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CHAPTER 9

THE FINANCIAL ANALYSIS OF CASE 2
EXPOSING FRAUD

9.6.2The Fraudulent Status of the Advice Given
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Our Case 2 Analyses of the Endowment Mortgage and the Repayment Mortgage (see Section 9.2, Section 9.3 and Section 9.4) showed that, for an Amount Borrowed of £40,000 over 20 years at 11.85% p.a.:

(i)

investment in the Endowment Mortgage yields an Internal Rate of Return of 14.39% p.a. with an Equivalent Monthly Cost of £341.23 —— this, CONDITIONAL on the assumed growth rate being achieved.

(ii)

investment in the Repayment Mortgage yields the CERTAINTY Internal Rate of Return of 14.435% p.a. with an Equivalent Monthly Cost of £326.70.


Therefore, the Endowment Mortgage does not provide any Excess Return, above that of the Repayment Mortgage, to justifiably compensate the borrower / investor for its associated Risks.


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Our Case 2 Analysis of the Early Repayment Term (see Section 9.5) showed that:

(i)

by choosing an 18 Year Repayment Mortgage our loan of £40,000 @ 11.85% p.a. would be repaid WITH CERTAINTY for a Net Outlay of £342.44 per month —— this corresponds to an Internal Rate of Return of 14.641% p.a. on our investment.

(ii)

by choosing a 20 Year Endowment Mortgage our loan of £40,000 @ 11.875% p.a. would be repaid in 18 Years, IF THE ASSUMED GROWTH RATE IS ACHIEVED, for a Net Outlay of £341.23 per month —— this corresponds to an Internal Rate of Return (CONDITIONAL on the assumed growth rate being achieved) of 14.675% p.a. on our investment.


Therefore, on the basis of the 18 year Early Repayment Term, the Endowment Mortgage does not provide any Excess Return, above that of the 18 year Repayment Mortgage, to justifiably compensate the borrower / investor for its associated Risks.


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As we have shown in Section 9.6.1, the Risks associated with the Endowment Mortgage are very real and very substantial.

 

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(a)

First National’s expert advice (i.e. their oral representation supported by the written representations in their Mortgage Quotation Comparison) to me was to choose the Endowment Mortgage. On the basis of their fiduciary position, such advice clearly constitutes negligent misrepresentation.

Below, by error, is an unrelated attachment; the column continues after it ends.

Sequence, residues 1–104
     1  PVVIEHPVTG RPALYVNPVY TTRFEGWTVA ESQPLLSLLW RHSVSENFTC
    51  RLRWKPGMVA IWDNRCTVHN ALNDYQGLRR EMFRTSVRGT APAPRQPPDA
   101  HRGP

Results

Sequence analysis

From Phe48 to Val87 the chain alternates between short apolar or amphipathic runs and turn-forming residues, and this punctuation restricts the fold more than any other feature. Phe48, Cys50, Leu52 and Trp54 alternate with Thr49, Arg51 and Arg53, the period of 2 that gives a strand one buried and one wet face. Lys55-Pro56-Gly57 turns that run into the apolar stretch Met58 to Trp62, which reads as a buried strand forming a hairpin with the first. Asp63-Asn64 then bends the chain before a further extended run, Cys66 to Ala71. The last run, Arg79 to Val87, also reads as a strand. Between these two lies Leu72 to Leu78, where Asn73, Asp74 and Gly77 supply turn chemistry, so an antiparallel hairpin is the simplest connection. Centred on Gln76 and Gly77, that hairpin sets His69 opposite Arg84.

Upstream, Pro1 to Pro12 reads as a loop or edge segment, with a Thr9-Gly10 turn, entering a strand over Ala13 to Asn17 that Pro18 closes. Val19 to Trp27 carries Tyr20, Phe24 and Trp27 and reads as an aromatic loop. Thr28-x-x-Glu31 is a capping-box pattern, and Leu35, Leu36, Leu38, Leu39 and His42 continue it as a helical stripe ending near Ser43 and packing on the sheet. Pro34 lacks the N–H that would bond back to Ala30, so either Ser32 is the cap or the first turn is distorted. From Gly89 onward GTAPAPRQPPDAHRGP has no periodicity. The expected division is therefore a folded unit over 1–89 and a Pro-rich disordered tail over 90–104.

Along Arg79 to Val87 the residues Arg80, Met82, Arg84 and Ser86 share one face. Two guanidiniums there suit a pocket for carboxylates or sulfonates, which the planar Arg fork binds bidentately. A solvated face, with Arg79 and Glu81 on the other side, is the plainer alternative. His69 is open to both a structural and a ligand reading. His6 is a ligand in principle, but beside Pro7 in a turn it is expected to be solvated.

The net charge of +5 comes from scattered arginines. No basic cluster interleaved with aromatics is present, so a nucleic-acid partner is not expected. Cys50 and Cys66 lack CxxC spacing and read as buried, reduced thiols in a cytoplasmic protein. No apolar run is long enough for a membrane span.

(See Section 2.3.3: Negligent Misrepresentation. See also Section 2.8.1: The Right to Revoke the Contract , and Section 2.8.3: The Measure of Damages as a result of a successful Action based on the Common Law liability under Negligent Misrepresentation.)


(b)


But, as we have proven, First National’s representation to me that the Endowment Mortgage was the best choice is a false representation.



The question therefore arises whether First National had an honest belief in the truth of their representation.


First National were possessed of considerable financial expertise.
Yet they wilfully shut their eyes to the true financial facts, or they purposely abstained from inquiring into them.



No reasonable man could, in such circumstances, infer that they had an honest belief that the Endowment Mortgage was a better investment option than the Repayment Mortgage.


Their advice, therefore, constitutes fraudulent misrepresentation.


(See Section 2.3.2: Fraudulent Misrepresentation. See also Section 2.8.1: The Right to Revoke the Contract , and Section 2.8.2: The Measure of Damages as a result of a successful Action based on the Common Law liability under Fraudulent Misrepresentation.)


(c)


Irish Life are equally, or to an even greater extent, complicit in this fraudulent misrepresentation.


They are the primary architects of the Mortgage Quotation financial analysis data presentation. They KNOW, and intend, that this data will be passed on to the person seeking a Mortgage. 


They have either purposely abstained from making proper inquiry into the true financial facts or deliberately abstained from presenting them.


They know that the financial analysis data, as presented by them, is formulated in such a way that First National’s advice, based on this data, will be to choose the Endowment Mortgage. 


Not only do they not deliberately intervene to block such advice, it is they who provide the objective data supporting it. 


They therefore collude with the advice given by their tied agent.


(See Section 2.3.1: The Conditions Necessary for the Existence of Misrepresentation and  Section 2.3.2: Fraudulent Misrepresentation. See also Section 2.7: The Effect of Agency.)

 

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